Wimbledon victory not enough to justify knighthood for Murray
If you have ears and/or eyes, you probably know about Andy Murray‘s thrilling and much talked about victory over Novak Djokovic in the final of Wimbledon last week. The victory dominated twitter feeds, facebook pages and actual human conversation for days. Everyone – from politicians, to rock stars, to writers on Sportskeeda – was talking about Britain’s first Wimbledon men’s singles champion for 77 years.
Predictably, even David Cameron couldn’t help but get in on the action. In the aftermath of the victory, the British Prime Minister came out and said something that, whilst pleasing to the majority of the temporarily patriotic British public, is actually quite silly.
Asked about the possibility of a knighthood for the young champion, Cameron responded by saying, “I can’t think of anyone who deserves one more“.
Murray, quite sensibly, offered a much more reasonable opinion upon hearing the Prime Minister’s endorsement. He told the BBC that: “It’s a nice thing to have or be offered but I don’t know if it merits that…I think just because everyone’s waited for such a long time for this [winning at Wimbledon], that’s probably why it will be suggested.”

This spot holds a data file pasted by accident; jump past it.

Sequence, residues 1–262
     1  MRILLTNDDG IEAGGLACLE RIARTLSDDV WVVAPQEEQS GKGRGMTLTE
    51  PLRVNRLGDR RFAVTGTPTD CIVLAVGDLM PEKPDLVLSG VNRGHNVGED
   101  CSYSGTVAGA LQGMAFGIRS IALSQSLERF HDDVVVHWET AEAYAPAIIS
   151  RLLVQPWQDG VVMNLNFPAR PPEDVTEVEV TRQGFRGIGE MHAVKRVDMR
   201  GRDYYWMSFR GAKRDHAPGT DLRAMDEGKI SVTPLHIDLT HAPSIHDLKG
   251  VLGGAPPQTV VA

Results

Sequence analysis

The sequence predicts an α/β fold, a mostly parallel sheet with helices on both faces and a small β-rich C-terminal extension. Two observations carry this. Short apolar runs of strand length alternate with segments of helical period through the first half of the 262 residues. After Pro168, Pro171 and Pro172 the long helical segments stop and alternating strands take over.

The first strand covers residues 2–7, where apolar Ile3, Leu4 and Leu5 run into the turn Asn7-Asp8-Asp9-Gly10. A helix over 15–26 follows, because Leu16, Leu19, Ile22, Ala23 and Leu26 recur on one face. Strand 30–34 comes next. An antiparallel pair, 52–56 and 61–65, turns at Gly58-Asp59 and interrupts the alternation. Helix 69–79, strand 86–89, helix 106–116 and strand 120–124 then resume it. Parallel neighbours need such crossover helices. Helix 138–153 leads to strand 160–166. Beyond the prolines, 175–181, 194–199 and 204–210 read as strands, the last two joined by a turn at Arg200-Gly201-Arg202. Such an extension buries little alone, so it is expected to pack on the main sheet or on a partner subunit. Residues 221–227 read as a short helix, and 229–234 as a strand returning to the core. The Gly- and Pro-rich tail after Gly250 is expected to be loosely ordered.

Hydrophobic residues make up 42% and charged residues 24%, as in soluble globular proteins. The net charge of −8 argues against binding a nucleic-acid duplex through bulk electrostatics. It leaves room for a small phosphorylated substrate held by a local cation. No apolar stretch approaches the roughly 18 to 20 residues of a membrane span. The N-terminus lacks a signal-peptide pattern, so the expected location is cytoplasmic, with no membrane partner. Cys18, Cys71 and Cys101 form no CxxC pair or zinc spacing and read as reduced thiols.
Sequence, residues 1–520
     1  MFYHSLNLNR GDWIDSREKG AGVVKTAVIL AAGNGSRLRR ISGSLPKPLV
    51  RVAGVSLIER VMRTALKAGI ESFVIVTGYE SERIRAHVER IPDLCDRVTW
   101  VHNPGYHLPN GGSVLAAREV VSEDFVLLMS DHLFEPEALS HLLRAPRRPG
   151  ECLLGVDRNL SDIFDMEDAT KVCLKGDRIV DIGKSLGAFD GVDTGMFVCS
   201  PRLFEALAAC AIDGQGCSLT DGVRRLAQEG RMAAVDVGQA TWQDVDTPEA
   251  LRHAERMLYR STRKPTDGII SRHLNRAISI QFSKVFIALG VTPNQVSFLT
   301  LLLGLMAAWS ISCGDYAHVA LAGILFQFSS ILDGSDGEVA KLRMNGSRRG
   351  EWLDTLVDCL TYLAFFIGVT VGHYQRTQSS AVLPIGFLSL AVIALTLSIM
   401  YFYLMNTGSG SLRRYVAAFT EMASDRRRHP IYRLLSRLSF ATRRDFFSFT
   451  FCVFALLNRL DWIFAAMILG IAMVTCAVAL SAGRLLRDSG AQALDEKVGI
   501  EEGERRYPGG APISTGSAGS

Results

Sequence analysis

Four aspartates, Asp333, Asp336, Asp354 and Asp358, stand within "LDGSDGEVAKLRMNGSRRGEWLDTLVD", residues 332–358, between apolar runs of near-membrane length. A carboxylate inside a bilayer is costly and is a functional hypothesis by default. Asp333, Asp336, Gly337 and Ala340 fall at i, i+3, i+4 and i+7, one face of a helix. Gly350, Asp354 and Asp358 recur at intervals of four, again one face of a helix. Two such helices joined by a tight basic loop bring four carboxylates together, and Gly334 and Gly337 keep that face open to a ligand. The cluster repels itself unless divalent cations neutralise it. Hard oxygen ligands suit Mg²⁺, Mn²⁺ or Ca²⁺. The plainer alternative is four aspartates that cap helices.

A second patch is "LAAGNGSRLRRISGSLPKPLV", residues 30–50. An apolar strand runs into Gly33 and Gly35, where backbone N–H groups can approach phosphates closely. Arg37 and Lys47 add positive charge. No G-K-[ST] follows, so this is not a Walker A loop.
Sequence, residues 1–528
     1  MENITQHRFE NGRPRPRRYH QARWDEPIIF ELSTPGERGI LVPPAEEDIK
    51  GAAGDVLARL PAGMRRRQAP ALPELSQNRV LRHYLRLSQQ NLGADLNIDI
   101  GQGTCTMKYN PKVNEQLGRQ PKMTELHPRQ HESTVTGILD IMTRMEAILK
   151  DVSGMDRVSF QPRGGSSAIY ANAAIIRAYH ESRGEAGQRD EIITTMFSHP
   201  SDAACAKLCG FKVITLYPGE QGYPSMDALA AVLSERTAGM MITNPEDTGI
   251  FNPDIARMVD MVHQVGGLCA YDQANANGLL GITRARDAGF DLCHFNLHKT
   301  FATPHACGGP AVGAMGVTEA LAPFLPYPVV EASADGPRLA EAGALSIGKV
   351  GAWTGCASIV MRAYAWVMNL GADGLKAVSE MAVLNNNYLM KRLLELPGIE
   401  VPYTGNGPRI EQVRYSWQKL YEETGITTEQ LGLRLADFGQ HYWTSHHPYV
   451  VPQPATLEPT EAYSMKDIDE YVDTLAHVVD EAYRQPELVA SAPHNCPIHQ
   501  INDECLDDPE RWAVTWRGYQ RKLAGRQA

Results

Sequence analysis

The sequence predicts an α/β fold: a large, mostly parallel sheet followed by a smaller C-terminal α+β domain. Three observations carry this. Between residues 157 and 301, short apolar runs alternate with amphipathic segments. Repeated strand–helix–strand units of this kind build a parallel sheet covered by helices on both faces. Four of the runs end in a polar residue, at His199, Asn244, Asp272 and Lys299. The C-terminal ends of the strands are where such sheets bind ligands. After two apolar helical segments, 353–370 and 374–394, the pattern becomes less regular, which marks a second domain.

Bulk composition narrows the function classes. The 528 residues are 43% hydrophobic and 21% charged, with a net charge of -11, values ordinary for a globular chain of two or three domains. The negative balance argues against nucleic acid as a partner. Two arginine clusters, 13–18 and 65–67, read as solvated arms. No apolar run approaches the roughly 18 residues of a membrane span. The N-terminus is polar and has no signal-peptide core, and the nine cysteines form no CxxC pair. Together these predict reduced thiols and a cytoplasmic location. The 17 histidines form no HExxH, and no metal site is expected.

Well done, Andy, because you’re right. People will get excited about the first British winner of the Wimbledon singles title in over three-quarters of a century. Emotions run high and that leads to silly suggestions from Prime Ministers that a knighthood is in order. But the fact remains that winning Wimbledon doesn’t merit a knighthood; not by a long shot.
Somebody wins Wimbledon every year; so despite what the British press would have you believe, it isn’t actually a miraculous achievement. It is impressive, of course, but not miraculous.
There is an over-hyped sense of accomplishment surrounding Murray’s victory simply because the nation has been waiting so long for it to happen. The fact that the male British tennis players who preceded him weren’t capable of winning the Championship does not mean that because Murray has, he now deserves to be knighted. That is a thoroughly illogical train of thought.
I don’t mean to take away from Murray’s accomplishment, which was obviously impressive and worthy of celebration. But it takes more, or at least it should take more, than just winning a high-profile sporting trophy to receive such a prestigious honour as to be made a Knight of the British Order. To be knighted as a sportsman, it shouldn’t be enough just to win, but to win and then give something valuable back to society.